2. joanna Says:

    This is my Q author book for the A-Z challenge so I'll definitely be getting to it soon. It sounds beautiful... but why are all the most beautiful books sad??

  3. Ana S. Says:

    It sounds like a difficult yet beautiful book. Thanks for sharing your thoughts, Melody.

  4. trish Says:

    I LOVE Anna Quindlen. This was the first book by her that I read and absolutely fell in love with it. This spurred me on to read Black and Blue; Blessings; and I want to read her latest book, which I can't remember the name of right now.

    Anyway, so glad you've discovered her!

  5. Julia Says:

    This sound like a good book. Glad to see that you enjoy it.

    And you did a great review!

  6. Melody Says:

    Debi - It is! I hope you'll read this book soon.

    Joanna - I can't wait to read your review. I like it that this book is thought-provoking too, although it's a sad story.

    Nymeth - Indeed there are some parts which I find it difficult to read, especially when the mother wished for death quickly although she is a strong woman.

    Trish - I'm glad you like her books. I'll have to check out her other books as from now.

    Julia - Thanks. I really enjoyed reading it. The author has done a great job weaving this sad but beautiful story.

  7. Kim L Says:

    Wow this sounds like a powerful book! I am going to add it to my list. I have only read one book by Anna Quindlan, but it is one that really stuck with me.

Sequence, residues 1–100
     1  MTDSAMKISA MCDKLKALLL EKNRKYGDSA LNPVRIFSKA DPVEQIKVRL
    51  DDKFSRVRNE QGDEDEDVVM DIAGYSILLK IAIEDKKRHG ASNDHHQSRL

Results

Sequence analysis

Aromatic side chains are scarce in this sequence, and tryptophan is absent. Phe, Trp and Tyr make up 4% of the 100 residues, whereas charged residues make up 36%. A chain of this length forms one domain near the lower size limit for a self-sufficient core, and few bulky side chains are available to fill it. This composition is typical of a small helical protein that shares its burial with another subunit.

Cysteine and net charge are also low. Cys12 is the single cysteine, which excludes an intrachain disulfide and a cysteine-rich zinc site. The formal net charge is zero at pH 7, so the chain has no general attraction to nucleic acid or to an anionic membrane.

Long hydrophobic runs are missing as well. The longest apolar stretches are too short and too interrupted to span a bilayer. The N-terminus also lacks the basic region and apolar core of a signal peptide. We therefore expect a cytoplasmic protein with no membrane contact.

8. Melody Says:

    Kim - I hope you'll enjoy reading it. I'll have to read some reviews of her other books from other readers and picked a few to add to my wishlist. :)

  9. Alice Says:

    This one will go into my wishlist. Thanks for the wonderful review, Melody!

  10. Jane Says:

    Wow powerful book. I am definitely going to get this one!

  11. Julia Says:

    I love reading beautiful stories :)

  12. Melody Says:

    Alice - I hope you'll enjoy it. :)

    Jaimie - That's what I thought too. I love books that's emotional and powerful. ;)

    Julia - Me too. :D

  13. Anonymous Says:

    Are you going to rent the movie (I think it stars Meryll Streep)?

  14. Melody Says:

    I might, Stephanie, if I'm able to find it first! ;)

  15. Anonymous Says:

    I definately suggest that you watch the movie, it by far does it justice. It is just as touching and sad as the book. Even though i have never read the book and am looking for it at the moment, I can guarantee you!

  16. Anonymous Says:

    BTW the movie is extremely hard to find, it is almost no where on the internet and is now discontinued on DVD and Video. Fortunately for you my friend, I managed to find it, and it is the only place I could find it. I put it in a blog for everyone who wants to see it.

    Its the most recent post :D enjoy

  17. Melody Says:

    Hi Miikkii, thanks for your comments and the link. :)

  18. Anonymous Says:

    no probs :D